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Handels- og investeringsministerens tale ved Medicon Valley Alliance Annual Meeting 2011

Medicon Valley Alliance Annual Meeting 2011
1 December 2011 / Copenhagen / Denmark
Medicon Valley 2020 - The Attractiveness of Medicon Valley and the Challenges Ahead

Ladies and Gentlemen,

Denmark´s got a new government less than two months ago. A government dedicated to show the world that Denmark is an open country – open to new ideas – open for international exchange – open for trade and investments and most important - open for people.  This is why I am very happy to stand here today before the Danish/Swedish life sciences community – as you are definitely one of the most international sectors of our business community.

Today I am here to present our vision for growth and job creation. This is one of our government´s most important “bottom lines” by which we will be measuring our success.

So how do we ensure a continued internationalisation of the Danish life sciences and welfare technology cluster, when it is no secret that a large number of companies are currently under a strong pressure?

There are external challenges such as lack of funding, increased competition, and limited spending in many of the traditional main markets. These are all good reasons to discuss the future internationalisation of the Danish life sciences and welfare technology cluster here today.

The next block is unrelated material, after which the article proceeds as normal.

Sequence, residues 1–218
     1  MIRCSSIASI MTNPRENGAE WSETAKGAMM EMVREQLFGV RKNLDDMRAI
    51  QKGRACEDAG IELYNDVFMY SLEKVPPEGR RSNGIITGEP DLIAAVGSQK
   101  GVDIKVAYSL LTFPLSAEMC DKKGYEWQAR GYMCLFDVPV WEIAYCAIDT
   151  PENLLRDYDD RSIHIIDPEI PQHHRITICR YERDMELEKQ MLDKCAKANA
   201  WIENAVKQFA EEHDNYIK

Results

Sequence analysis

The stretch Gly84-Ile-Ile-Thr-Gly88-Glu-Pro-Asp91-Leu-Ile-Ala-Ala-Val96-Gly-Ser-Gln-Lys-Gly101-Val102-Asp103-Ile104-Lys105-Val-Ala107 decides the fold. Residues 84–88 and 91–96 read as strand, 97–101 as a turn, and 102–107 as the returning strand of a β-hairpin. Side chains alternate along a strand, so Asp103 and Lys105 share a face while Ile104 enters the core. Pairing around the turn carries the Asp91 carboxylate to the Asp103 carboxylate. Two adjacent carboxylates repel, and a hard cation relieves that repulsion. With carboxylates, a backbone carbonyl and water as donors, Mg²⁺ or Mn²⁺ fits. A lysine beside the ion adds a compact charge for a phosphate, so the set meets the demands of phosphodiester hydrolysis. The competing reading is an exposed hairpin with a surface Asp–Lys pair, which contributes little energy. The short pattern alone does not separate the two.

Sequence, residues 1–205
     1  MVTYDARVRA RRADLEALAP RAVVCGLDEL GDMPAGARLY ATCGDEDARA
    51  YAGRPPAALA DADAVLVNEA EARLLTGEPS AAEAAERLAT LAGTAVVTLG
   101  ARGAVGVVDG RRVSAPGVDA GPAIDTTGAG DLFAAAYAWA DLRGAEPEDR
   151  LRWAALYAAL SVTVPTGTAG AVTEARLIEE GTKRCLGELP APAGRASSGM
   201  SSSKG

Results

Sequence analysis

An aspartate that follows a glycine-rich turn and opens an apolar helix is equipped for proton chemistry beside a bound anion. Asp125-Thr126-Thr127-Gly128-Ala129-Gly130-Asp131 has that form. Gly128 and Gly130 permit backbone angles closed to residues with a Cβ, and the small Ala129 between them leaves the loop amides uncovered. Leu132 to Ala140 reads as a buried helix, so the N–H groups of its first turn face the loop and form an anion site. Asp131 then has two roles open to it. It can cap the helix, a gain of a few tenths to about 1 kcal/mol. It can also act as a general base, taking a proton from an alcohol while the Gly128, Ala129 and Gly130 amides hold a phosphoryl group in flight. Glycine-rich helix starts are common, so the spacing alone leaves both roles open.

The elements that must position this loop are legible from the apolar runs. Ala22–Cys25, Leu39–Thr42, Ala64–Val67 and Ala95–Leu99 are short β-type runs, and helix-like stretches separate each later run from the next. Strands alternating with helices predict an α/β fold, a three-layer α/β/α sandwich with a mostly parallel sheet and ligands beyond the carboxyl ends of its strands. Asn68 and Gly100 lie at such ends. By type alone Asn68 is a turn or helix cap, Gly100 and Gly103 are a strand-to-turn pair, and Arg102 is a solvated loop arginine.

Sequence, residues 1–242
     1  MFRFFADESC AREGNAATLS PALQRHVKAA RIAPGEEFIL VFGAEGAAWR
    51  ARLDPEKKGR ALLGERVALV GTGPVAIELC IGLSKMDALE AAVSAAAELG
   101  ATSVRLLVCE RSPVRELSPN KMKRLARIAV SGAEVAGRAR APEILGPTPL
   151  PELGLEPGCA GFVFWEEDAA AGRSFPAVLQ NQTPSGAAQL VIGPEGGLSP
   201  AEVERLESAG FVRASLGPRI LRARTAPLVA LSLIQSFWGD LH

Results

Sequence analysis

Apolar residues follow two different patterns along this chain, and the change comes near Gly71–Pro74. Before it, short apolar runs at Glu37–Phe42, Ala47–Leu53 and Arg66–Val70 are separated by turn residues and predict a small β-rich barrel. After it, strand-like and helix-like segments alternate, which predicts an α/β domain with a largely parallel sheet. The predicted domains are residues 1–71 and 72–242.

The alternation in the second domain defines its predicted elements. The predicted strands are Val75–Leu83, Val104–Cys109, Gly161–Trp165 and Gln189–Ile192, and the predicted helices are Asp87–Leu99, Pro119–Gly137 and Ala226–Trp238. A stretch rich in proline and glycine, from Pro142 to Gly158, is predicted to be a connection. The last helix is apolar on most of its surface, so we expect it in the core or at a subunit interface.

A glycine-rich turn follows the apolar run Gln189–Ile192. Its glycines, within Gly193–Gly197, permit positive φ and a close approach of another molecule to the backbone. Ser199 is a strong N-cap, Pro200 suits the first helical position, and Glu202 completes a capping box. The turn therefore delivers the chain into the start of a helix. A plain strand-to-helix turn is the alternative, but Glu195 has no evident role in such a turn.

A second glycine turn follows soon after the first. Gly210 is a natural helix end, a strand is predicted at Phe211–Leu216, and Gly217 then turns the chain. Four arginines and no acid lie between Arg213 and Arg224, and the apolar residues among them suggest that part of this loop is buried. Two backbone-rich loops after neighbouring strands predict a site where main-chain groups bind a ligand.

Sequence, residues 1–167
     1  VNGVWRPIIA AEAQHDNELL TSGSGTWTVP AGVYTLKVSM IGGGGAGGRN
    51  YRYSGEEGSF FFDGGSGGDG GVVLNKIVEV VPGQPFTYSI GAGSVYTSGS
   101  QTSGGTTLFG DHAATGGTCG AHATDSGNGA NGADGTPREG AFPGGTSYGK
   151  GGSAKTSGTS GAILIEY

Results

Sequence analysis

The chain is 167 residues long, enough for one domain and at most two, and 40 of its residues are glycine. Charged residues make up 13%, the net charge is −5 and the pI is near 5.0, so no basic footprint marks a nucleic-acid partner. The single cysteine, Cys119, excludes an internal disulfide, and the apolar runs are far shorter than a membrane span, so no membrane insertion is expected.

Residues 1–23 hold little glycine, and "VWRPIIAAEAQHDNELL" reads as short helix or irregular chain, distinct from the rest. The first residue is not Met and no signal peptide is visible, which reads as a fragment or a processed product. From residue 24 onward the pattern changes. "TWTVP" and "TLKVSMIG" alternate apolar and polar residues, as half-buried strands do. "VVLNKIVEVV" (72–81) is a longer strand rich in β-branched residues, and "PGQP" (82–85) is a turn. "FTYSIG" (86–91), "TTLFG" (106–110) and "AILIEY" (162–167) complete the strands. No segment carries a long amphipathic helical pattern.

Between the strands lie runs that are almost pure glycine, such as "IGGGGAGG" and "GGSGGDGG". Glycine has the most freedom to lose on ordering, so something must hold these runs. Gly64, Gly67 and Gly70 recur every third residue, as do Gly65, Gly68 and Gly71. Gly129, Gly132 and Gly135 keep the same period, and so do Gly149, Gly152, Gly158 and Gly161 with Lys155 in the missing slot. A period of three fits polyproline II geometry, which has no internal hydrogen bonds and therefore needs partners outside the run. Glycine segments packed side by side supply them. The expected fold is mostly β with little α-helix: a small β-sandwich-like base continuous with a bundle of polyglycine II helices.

The government has a clear vision of increasing foreign investments into Denmark, of increasing our export, and of giving all companies the best possible platform for achieving higher growth and stronger job creation.

The key question is, of course, how do we turn this political vision into practical reality? How are we going to increase growth and job creation across all sectors? The Government has set out specific targets that we will be working towards. Those most relevant to the life sciences and welfare sector can be summarized in this way:

- We will improve the education level in Denmark across the board and give research and development much higher priority. We consider the level of education and innovation as crucial for improving our productivity.

- We will improve Denmark’s international competitiveness concerning the labour market through negotiations between the Government, the employer organisations and the trade unions in the near future.

- We will improve overall productivity in Denmark. As a first step the Government will establish a so-called “productivity commission” to map out the underlying factors, that have caused the growth of our productivity to lack behind that of our peers since the mid-nineties. The Commission will then come up with specific suggestions for solutions.

- And last, but not least, we will make the general framework conditions for doing business in Denmark even more competitive.